In a single person game, or one where we're fully aligned and cooperating, we get to choose N. We should get to the point where we're actively cooperating, but it's not always that easy. And in a game-theoretic situation, where we're only in control of one party, we need a different approach than either saying we can choose where to invest last, when we can't, and I agree that it's more complex than Shapley values.
I'm frustrated by your claim that I make strong claims and assumptions, since it seems like what you disagree with me about are conclusions you'd have from skimming, rather than engaging, and being extremely uncharitable.
First, yes, cooperation is hard, and EAs do it "partially." I admit that fact, and it's certainly not the point of this post, so I don't think we disagree. Second, you're smuggling the entire argument into "correctly assessed counterfactual impact," and again, sure, I agree that if it's correct, it's not hyperopic - but correct requires a game theoretic approach, which we don't generally use in practice.
Third, I don't think we should just use Shapley values, which you seem to claim I believe. I said in the conclusion, "I'm unsure if there is a simple solution to this," and I agreed that it's relevant only to where we have goals that are amenable to cooperation. Unfortunately, as I pointed out, in exactly those potentially cooperative scenarios, it seems that EA organizations are the ones attempting to eke out marginal attributable impact instead of cooperating to maximize total good done. I've responded to the comment about Toby's claims, and again note that those comments are assuming we're not in a potentially cooperative scenario, or that we are pretending we get to ignore the way others respond to our decisions over time. And finally, I don't know where your attack on economists is coming from, but it seems completely unrelated to the post. Yes, we need more practical work on this, but more than that, we need to admit there is a problem, and stop using poorly reasoned counterfactuals about other group's behavior - something you seem to agree with in your comment.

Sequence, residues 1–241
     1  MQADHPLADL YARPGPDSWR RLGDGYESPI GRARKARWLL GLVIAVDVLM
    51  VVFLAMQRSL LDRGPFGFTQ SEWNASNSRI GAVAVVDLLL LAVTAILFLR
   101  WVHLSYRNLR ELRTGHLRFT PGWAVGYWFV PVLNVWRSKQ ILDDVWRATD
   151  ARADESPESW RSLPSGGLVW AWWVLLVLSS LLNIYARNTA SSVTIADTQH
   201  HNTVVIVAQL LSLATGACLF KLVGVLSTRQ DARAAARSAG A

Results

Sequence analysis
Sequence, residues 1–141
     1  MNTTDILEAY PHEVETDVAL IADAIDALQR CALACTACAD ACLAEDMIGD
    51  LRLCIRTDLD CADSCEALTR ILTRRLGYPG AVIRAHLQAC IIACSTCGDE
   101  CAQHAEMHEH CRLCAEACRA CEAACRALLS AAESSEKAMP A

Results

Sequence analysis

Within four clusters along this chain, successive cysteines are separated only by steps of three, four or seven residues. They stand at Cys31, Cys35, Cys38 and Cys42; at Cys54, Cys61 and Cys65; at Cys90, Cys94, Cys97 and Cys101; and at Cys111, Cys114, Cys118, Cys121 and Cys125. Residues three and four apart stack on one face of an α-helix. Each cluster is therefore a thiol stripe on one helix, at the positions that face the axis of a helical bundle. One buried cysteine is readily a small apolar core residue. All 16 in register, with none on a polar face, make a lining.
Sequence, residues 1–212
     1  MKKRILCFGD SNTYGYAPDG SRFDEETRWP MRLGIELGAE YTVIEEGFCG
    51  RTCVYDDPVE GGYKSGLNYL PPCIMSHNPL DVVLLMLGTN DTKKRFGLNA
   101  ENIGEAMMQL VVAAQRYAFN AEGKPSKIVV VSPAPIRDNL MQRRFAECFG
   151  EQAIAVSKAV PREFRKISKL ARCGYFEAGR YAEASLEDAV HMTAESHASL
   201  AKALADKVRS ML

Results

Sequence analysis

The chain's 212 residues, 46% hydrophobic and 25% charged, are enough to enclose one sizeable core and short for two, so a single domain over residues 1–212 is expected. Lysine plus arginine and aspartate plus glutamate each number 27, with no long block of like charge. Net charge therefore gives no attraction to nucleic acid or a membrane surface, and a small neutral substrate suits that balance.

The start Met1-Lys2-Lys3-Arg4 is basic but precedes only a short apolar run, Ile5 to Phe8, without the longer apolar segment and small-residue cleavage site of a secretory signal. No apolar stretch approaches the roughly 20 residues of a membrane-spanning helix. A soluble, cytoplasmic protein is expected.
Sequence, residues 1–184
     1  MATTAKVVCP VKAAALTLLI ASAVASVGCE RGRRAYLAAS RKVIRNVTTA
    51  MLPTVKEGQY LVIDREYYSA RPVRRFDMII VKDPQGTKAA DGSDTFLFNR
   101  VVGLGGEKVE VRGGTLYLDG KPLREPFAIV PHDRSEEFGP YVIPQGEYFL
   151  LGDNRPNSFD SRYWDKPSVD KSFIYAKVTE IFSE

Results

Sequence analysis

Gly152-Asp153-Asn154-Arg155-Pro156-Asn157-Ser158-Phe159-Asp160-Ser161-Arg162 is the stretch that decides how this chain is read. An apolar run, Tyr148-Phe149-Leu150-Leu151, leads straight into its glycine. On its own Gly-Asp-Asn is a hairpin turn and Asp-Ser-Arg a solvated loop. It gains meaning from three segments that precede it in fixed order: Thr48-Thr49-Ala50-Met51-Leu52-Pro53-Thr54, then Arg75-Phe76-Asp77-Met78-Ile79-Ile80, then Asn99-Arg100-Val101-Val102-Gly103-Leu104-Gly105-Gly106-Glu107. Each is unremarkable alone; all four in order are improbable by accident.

As I said in the post, "I'm unsure if there is a simple solution to this, since Shapley values require understanding not just your own strategy, but the strategy of others, which is information we don't have. I do think that it needs more explicit consideration..."
You're saying that "if you're maximizing this only over your own actions and their consequences, including on others' responses (and possibly acausal influence), it's just maximizing expected utility."
I think we agree, modulus the fact that we're operating in conditions where much of the information we need to "just" maximize utility is unavailable.
In scenarios where we are actually cooperating, maximizing Shapley values is the game-theoretic optimal solution to maximize surplus generated by all parties - am I misunderstanding that? And since we're not interested in maximizing our impact, we're interested in improving the future, that matters more than maximizing what you get credit for.
So yes, obviously, if you're pretending you're the only funder, or stipulating that you get to invest last and no one will react in future years to your decisions, then yes, it "is likely to lead to worse outcomes overall." But we're not in that world, because we're not playing a single player game.
Let's make the problem as simple as possible; you have a simple intervention with 3 groups pursuing it. Each has an independent 50% chance of success, per superforecasters with an excellent track record, and talking about it and coordinating doesn't help, because each one is a different approach that can't benefit from coordination.
And I agree with you that there are cases where it's the wrong tool - but as you said, I think "EA is now often in situations like these," and we're not getting the answer right!